Don't give Gwen Stefani any guff about the validity of celebrity clothing lines: Not only has she been successfully plying her trade for seven years now, but she pointedly didn't name the label after herself, because she wanted people to buy the clothes for their own merits and not "because of me." (But, really, who wouldn't want to look as good as Gwen does in clothes?)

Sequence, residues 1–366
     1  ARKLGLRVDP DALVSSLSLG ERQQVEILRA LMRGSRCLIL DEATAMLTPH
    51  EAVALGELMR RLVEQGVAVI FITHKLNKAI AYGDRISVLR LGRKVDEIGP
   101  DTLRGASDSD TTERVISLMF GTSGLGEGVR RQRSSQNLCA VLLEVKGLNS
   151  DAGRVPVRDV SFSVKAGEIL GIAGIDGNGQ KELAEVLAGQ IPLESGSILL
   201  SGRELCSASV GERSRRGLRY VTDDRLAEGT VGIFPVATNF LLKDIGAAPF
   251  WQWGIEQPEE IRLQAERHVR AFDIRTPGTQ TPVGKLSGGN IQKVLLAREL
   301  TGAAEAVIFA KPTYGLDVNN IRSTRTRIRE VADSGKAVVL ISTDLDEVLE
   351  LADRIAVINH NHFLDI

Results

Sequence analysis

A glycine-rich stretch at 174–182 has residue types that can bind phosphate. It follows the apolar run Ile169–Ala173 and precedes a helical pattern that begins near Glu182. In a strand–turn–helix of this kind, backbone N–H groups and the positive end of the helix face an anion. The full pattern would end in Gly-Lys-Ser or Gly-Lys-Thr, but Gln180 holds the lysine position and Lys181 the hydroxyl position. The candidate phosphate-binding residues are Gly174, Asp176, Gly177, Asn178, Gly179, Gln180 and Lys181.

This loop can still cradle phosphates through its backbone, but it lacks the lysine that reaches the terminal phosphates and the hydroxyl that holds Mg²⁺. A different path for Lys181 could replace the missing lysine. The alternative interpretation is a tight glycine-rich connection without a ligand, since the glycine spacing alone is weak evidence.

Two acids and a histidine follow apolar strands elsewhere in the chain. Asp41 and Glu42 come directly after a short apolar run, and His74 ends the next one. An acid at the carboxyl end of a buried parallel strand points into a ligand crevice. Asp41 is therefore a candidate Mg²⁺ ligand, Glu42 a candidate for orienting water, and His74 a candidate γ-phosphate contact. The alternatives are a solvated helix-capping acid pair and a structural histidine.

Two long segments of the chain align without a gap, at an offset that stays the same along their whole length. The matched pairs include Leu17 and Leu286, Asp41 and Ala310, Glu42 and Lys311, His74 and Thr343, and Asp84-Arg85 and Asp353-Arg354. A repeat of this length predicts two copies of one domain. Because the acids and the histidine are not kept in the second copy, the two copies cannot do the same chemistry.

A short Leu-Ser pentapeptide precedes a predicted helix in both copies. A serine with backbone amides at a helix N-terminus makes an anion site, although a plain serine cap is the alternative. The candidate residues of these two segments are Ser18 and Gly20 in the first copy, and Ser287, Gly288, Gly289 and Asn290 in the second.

Spring found Stefani mixing African and eighties-pop references (think Bow Wow Wow and Bananarama) with some rock-chick edge, natch. Besides the requisite biker jacket (in white leather), there were lots of zippers and tarty (in a good way) off-the-shoulder dresses and tunics, and one very mini pleated kilt (can you say Harajuku girl?). Harem pants, washed-silk cargo pants, and diaper dresses added a softness and ease to the line and demonstrated that it does indeed have relevance beyond smoky, poorly lit music venues that smell of stale beer—and can stand on its own outside in the bright, daylight world.